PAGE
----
Then two days ago Lata tied her brown hair back with a white cloth, put on her dark blue pants and light blue wraparound, and clutched her best kitchen knife in sweaty fingers. The knife was just in case, she told herself. Goblins had sharp teeth and would attack when angry. Best to have a weapon.

She waited and waited, and the goblin appeared.

Lata followed him through the jungle to the edge of a banyan tree. The shadowy maze of its aerial roots towered over her, and she hesitated, but continued. Minutes passed, winding through the undergrowth. She was about to turn back, irritated with herself for bothering to follow, but then she saw it. Finally at the center was the trunk, and there between strangling roots the goblin slid long fingers. The banyan tree opened, its lattice of roots creaking. Something glimmered deep inside, and thoughts of turning back disappeared. Lata stumbled towards it.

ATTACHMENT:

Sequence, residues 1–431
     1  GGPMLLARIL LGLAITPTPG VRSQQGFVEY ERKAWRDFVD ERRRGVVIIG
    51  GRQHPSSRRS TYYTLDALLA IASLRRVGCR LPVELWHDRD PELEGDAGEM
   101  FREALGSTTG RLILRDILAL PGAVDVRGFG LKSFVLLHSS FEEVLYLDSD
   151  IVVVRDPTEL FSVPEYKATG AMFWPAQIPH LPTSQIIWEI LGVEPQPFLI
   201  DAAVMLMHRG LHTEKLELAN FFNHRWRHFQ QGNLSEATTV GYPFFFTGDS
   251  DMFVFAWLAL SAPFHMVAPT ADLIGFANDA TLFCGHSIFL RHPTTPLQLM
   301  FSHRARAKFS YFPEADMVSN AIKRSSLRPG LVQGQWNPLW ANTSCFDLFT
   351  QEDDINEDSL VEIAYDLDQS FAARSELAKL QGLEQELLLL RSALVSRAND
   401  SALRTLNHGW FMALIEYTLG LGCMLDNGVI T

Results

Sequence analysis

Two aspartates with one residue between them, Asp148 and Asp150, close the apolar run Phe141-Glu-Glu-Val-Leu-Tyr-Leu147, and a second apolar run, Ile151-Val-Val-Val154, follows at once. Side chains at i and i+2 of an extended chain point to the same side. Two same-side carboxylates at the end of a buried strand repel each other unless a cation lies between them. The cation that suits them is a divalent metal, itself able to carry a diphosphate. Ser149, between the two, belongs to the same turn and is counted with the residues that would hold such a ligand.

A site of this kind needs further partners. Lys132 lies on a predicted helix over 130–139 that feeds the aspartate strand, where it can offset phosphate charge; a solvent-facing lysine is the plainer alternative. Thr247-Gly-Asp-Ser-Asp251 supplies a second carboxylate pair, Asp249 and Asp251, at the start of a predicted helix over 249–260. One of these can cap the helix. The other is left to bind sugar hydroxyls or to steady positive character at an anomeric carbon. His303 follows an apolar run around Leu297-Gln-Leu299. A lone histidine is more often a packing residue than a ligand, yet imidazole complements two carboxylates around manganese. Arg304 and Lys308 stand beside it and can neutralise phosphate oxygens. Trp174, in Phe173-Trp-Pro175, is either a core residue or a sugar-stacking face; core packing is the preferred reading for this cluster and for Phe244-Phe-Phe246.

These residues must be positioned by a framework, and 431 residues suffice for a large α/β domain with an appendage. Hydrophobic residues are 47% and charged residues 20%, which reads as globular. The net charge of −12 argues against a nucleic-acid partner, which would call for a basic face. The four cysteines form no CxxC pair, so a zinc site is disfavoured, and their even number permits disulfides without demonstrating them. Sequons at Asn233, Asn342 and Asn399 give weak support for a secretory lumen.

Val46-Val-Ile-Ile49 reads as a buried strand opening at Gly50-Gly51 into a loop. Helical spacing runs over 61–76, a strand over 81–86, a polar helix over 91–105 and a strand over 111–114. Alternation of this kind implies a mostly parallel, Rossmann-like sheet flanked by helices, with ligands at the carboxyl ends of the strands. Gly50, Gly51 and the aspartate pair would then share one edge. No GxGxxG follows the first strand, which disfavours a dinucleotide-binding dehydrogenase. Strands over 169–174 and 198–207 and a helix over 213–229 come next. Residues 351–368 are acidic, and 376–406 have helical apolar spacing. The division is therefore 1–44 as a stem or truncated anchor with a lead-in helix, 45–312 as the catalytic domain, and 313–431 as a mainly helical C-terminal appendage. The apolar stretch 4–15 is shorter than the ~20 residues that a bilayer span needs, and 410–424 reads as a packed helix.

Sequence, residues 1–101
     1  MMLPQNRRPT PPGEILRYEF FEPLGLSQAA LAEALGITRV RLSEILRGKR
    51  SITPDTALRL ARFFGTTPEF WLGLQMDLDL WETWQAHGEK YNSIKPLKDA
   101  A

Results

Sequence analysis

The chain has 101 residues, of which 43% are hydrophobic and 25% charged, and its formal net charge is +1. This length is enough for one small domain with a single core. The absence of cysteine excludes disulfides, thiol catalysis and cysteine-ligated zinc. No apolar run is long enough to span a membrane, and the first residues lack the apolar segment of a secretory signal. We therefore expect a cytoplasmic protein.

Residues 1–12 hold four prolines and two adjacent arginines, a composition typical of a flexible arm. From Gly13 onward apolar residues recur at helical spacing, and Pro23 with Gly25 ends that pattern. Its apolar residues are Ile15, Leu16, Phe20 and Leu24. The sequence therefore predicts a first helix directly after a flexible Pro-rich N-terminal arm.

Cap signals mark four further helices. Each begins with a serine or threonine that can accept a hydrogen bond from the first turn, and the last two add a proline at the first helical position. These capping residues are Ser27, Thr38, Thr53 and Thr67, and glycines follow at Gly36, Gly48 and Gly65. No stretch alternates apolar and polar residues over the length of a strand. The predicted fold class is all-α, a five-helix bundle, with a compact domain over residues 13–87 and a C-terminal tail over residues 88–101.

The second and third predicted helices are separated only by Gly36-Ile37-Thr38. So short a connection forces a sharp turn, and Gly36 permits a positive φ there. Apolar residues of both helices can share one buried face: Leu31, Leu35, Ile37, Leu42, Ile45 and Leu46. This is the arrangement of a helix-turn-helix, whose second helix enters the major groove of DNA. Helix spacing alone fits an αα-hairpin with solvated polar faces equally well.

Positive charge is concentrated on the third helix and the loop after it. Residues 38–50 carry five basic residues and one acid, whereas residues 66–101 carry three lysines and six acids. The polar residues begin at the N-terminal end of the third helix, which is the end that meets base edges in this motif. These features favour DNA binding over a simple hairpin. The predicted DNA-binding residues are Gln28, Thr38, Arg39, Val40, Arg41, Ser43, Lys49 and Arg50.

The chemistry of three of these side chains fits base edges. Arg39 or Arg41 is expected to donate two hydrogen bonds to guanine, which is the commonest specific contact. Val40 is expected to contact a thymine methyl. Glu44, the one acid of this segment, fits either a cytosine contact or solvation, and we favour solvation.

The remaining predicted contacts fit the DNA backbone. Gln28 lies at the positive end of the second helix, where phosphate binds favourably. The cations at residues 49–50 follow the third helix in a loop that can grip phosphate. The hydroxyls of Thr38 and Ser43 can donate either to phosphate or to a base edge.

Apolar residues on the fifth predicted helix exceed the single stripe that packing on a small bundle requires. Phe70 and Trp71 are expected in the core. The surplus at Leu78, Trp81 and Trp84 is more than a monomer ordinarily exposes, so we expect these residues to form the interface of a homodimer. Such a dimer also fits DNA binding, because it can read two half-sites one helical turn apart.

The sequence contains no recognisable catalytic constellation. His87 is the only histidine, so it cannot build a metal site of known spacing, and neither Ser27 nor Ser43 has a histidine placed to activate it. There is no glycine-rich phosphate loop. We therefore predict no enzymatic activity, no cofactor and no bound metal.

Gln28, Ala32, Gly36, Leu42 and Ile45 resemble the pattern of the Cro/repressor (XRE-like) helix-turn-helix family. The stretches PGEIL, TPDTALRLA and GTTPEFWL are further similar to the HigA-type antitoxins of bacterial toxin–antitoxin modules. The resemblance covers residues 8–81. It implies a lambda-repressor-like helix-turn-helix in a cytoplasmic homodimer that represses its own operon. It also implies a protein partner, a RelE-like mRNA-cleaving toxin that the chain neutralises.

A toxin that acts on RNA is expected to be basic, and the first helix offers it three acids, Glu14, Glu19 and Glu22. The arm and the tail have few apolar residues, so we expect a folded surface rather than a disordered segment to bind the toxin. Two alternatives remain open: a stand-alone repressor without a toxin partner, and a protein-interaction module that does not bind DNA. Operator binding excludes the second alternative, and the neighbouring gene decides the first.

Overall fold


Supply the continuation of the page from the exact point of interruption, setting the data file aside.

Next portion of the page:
The goblin turned. He grinned, revealing sharp yellow teeth. There were bottles behind him, on wooden root-entwined shelves. Lata knew as if she had always known and understood. They were his goblin-wishes, trapped, waiting.

Lata fought the goblin. She slashed him down, spilled blood over the banyan tree. He would die soon, but she hurried the process. She stabbed and stabbed. Blood over the banyan tree, shiny in the setting sun, wet and sticky on Lata’s clothes and hands and face. She stepped inside, pushed apart roots which gave way to the pressure, stared, then smiled.